In a Repeated Measures study, one sample experiences multiple treatments. Joe use the Excel Tool Pak to perform the appropriate ANOVA for the hypothesis tests and then shows you how to use Excel's built-in statistical functions to understand the results. You'll then have an in-depth understanding of this important technique.
- [Voiceover] Now I'm gonna tell you about a very popular way of doing research. It's called a repeated measures design. In this type of study, you use just one sample. Unlike other research designs, everyone in the sample goes through all the conditions of the study. Why would you use this design? Repeated measures requires fewer individuals than other designs, where each condition gets its own unique sample. In this kind of study, each person experiences the conditions in a different random order, or you could also use this design when you wanna track someone's progress in learning a skill, either a physical skill or a cognitive one.
You measure them repeatedly; here's an example. Researchers at the University of Brighton in England were interested in soccer players' progress as they repeatedly completed a sprint test. You can read their study in the European Journal of Applied Physiology for the year 2000. The test consisted of six sprints of about 34 meters. Halfway through each sprint, they had to turn left or right and then back around to the sprint path. A signal just before the start of each sprint indicated the direction of the turn. After they completed a sprint, they jogged back to the starting point to start the next sprint.
Would their times improve because they learned how to take the turns? Now, most studies don't provide the raw data, but this one is an exception. In the data, columns B through G represent the six sprints. Each row, two through eight, represents the data for one athlete. The dependent variable is the time, in seconds, to complete each sprint. So this is a test of the null hypothesis that the six sprint means are equal, against the alternative hypothesis that they're not. Excel doesn't have a data analysis tool called Anova: Repeated Measures, but Anova: Two-Factor Without Replication gets the job done.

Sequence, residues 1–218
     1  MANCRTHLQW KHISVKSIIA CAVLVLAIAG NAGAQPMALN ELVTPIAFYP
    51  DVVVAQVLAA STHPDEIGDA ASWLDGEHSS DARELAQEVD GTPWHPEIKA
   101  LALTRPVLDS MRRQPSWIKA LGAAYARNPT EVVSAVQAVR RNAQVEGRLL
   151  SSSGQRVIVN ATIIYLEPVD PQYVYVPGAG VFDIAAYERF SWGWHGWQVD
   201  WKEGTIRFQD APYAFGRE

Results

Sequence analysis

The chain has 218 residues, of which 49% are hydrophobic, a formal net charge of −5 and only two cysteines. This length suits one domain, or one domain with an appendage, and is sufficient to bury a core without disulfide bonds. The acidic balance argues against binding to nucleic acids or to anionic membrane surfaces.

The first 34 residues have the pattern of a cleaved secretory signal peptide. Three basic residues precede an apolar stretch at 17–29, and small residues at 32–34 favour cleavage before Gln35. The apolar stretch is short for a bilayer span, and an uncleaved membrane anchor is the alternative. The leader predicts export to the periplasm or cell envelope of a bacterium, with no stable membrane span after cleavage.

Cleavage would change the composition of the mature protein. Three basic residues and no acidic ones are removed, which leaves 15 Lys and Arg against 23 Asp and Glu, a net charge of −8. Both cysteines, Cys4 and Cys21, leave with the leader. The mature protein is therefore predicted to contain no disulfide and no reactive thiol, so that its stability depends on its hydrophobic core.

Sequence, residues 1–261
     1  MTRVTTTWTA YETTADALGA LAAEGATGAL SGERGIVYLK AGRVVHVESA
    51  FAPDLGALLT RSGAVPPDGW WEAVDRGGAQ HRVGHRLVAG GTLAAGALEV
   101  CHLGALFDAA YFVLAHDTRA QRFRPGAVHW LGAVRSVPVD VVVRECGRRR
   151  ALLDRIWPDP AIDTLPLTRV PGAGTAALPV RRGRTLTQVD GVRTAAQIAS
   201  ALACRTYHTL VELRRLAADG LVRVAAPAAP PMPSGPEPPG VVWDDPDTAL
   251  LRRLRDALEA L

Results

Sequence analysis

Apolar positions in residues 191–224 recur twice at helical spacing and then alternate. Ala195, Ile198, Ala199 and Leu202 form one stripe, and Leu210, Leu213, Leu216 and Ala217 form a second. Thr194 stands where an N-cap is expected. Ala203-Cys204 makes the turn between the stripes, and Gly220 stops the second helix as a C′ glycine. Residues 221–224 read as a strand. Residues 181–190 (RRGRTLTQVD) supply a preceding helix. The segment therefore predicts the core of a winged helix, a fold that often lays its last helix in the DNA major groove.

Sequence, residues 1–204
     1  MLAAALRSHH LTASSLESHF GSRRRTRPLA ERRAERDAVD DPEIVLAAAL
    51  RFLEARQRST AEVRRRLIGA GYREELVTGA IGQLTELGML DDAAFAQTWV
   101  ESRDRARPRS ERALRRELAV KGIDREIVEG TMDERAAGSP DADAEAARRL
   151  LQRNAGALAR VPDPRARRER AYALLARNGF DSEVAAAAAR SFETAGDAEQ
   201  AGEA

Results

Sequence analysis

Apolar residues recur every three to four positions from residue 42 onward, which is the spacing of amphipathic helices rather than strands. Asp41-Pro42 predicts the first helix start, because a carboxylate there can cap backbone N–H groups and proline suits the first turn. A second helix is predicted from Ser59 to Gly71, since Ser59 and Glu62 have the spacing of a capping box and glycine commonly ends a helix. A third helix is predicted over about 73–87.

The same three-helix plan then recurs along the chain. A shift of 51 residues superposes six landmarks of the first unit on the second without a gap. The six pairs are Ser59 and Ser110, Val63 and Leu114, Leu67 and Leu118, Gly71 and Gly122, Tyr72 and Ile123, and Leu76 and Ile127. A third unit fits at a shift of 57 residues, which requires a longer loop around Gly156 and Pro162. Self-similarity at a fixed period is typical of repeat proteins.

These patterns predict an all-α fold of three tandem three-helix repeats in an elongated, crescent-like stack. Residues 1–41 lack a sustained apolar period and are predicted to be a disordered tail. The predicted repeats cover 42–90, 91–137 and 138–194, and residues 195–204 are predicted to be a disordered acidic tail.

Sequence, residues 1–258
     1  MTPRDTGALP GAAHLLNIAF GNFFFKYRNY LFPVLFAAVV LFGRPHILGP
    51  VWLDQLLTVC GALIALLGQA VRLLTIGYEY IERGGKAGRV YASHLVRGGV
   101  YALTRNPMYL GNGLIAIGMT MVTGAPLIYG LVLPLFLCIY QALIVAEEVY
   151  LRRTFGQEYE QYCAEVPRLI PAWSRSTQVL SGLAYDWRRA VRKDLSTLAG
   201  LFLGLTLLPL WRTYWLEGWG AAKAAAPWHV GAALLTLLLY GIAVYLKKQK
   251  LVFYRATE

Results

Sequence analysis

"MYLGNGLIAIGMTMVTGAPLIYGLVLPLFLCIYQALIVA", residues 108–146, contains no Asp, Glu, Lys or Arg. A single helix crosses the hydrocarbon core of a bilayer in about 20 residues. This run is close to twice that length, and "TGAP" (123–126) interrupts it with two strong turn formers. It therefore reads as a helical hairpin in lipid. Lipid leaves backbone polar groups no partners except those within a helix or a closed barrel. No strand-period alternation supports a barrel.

It's two factor because Excel considers the row variable to be a factor, even though Athlete is not part of our null hypothesis. So I'll select that tool from the ToolPak and in the Input Range box, I'll enter A1 through G8. You have to include the column with the ID info for the row variable. Check the box next to Labels and New Worksheet Ply and call it Repeated Measures ANOVA, then click on OK, and there's a result.
I'll expand the columns, and here they are. And you know in the table, we can replace rows with Athlete and columns with Sprint. The high value for F for Sprint in cell E23 and the low p-value in F23 tell us that with degrees of freedom equal five and 30, we can reject the null hypothesis. The other F ratio doesn't really mean anything to us, as Athlete had nothing to do with our null hypothesis. Its high value just tells us that athletes are different from one another, which is hardly news, so we can delete the contents of E22 through G22.
So we learned how to test the overall differences in athletes' repeated sprint times, and repeated sprint time can be an important factor in a variety of sports. More generally, you can now apply analysis of variance to the very popular and powerful repeated measures design.
He explains how to organize and present data and how to draw conclusions using Excel's functions, charts, and 3D maps and the Solver and Analysis ToolPak add-ons. Learn to calculate mean, variance, standard deviation, and correlation; visualize sampling distributions; and test differences with analysis of variance (ANOVA). Then find out how to use linear, multiple, and nonlinear regression testing to analyze relationships between variables and make predictions. Joseph also shows how to perform advanced correlations, variable frequency testing, and simulations.
By the end of this course, you should have the foundational knowledge you need to take other statistics-related courses and perform basic analysis in the workplace.
- Using Excel's statistical functions and 3D charts
- Visualizing sampling distributions
- Performing comparisons with ANOVA
- Performing two-way analysis with ANOVA
- Analyzing linear regression
- Performing multiple regression and nonlinear regression analysis
- Making advanced correlations
- Testing variable frequencies
- Running simulations